Faculty of Arts

PHIL 220

Kant and Hegel


One of Immanuel Kant’s most controversial philosophical assertions is that space and time are, as far as we can know, only features of the human being, rather than features of things as they are in themselves. We will initially examine this allegedly subjective nature of space and time, the necessary logical orderings that we project onto our experience, along with Kant’s theory of freedom. The aim will be to understand how Kant protected science from sceptical attacks, only by maintaining that metaphysical truth is unknowable. We will also consider how GWF Hegel replied that we can, by looking into ourselves, indeed know the essential nature of the universe. Our focus will be on the metaphysical nature of self-consciousness, Hegel’s various formulations of the essence of Christianity, his dialectical logic and his foundational belief that everything in the universe is deeply and rationally interconnected.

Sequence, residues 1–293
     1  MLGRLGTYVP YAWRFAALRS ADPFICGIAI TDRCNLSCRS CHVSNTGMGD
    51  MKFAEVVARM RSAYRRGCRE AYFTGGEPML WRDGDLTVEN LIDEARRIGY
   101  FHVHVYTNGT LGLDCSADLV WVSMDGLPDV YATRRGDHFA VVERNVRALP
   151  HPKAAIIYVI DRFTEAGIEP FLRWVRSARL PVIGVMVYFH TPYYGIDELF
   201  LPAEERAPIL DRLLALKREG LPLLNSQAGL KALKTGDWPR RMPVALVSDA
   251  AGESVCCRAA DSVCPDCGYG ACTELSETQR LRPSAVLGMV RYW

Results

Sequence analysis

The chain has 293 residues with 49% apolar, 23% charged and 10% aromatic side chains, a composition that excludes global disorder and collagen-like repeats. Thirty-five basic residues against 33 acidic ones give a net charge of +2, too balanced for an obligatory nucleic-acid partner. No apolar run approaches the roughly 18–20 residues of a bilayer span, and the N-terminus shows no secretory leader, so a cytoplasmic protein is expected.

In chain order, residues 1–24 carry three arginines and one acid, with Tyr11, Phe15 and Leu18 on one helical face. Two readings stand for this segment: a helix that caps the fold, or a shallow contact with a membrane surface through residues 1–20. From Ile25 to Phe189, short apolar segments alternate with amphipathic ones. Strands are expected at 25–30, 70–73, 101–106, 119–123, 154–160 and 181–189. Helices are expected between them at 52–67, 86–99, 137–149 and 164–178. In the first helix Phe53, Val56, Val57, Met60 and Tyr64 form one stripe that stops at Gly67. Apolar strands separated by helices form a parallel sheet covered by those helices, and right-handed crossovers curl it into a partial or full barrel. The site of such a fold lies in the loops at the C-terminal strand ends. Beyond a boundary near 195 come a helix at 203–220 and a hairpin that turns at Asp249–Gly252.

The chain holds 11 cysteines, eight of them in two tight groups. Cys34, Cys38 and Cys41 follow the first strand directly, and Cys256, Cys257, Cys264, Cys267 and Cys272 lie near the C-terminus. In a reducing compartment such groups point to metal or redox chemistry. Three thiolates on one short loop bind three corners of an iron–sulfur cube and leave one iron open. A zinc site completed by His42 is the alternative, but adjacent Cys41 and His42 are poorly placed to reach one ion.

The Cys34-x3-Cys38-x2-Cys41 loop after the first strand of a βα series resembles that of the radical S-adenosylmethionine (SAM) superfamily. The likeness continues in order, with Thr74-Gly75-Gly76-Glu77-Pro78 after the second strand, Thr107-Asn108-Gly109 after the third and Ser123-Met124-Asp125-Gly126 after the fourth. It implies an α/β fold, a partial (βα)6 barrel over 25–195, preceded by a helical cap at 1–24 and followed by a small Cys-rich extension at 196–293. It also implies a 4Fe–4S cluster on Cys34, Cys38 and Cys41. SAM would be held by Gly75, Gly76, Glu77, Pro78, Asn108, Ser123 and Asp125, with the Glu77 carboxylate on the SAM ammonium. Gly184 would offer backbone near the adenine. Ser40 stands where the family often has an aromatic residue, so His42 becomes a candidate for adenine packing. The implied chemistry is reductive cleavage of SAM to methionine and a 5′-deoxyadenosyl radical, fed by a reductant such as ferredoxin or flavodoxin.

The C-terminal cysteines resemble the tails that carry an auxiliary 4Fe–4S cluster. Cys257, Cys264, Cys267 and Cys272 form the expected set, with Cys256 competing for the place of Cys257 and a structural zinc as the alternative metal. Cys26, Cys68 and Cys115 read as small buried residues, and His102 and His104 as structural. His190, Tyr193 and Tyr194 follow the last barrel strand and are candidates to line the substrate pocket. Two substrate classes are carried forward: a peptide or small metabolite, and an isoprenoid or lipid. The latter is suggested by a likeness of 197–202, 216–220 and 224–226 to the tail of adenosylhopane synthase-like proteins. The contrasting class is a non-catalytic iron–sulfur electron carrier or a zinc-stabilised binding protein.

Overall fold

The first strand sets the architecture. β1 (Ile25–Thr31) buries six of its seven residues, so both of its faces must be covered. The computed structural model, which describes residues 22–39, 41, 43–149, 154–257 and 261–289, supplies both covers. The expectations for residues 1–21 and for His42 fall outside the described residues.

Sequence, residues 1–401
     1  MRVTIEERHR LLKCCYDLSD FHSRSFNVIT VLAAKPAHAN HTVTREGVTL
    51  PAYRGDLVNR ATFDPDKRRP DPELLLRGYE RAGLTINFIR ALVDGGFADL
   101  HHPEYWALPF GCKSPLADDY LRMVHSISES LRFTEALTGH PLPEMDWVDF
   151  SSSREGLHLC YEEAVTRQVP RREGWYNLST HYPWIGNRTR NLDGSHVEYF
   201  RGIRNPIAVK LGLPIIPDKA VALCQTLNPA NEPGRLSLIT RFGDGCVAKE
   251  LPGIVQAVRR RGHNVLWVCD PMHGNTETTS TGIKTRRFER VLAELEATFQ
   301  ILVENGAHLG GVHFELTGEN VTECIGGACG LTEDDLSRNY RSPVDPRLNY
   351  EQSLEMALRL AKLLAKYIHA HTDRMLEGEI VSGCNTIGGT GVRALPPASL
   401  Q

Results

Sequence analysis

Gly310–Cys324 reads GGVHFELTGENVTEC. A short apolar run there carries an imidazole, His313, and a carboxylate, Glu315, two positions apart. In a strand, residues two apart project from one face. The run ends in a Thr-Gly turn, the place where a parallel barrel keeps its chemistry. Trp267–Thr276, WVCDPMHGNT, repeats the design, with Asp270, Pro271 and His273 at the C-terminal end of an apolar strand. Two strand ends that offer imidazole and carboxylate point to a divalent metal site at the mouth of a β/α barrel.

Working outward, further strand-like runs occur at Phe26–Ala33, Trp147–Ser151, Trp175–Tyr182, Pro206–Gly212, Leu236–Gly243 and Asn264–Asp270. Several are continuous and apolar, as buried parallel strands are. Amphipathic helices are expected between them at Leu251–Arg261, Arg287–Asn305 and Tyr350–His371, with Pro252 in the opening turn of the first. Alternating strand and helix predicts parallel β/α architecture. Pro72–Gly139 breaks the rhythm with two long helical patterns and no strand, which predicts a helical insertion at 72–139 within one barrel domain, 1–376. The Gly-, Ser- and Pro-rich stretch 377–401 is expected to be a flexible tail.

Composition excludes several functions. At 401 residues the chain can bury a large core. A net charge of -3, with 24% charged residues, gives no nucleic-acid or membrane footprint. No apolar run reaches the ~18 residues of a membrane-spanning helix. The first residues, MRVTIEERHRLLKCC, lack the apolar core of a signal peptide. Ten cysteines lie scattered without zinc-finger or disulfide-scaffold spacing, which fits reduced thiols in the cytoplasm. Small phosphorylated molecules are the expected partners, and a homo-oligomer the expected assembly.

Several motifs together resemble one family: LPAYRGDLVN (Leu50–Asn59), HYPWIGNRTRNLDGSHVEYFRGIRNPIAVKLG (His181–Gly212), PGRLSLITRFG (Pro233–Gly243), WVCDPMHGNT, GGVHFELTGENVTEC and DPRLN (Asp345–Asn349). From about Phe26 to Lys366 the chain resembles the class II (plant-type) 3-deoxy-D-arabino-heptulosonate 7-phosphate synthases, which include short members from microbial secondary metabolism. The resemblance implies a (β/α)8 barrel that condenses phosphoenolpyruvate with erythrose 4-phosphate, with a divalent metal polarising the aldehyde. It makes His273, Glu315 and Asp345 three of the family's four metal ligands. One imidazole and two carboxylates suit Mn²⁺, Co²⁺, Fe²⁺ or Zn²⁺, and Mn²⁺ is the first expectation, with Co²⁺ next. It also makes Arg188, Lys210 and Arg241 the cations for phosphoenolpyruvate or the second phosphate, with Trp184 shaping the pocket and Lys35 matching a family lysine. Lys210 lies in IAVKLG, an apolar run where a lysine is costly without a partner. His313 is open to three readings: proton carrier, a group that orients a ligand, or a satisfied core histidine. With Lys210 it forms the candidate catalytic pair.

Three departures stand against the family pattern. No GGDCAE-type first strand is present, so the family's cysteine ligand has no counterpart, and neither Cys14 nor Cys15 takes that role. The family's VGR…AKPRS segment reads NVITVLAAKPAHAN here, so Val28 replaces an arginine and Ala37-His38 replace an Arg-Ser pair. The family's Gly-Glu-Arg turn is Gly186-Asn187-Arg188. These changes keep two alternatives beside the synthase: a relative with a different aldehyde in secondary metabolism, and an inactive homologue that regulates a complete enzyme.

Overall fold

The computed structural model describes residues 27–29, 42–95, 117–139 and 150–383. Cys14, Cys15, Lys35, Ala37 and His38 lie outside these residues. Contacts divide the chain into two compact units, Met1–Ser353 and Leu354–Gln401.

Availability 2012

Semester 1


Coordinator(s) Associate Professor Robert Wicks


Immanuel Kant, Critique of Pure Reason (trans. Norman Kemp-Smith preferred; other translations are acceptable) [this book is available online]

G. W. F. Hegel. Phenomenology of Spirit (trans. A. V. Miller preferred; other translations are acceptable) [this book is available online via Past Masters, Main Library website]

Recommended Reading

These will be compiled in the Short Loan Materials section of the Main Library.


Coursework + exam


PHIL 220: 15.0 points


30 points in Philosophy


280.312, PHIL 340

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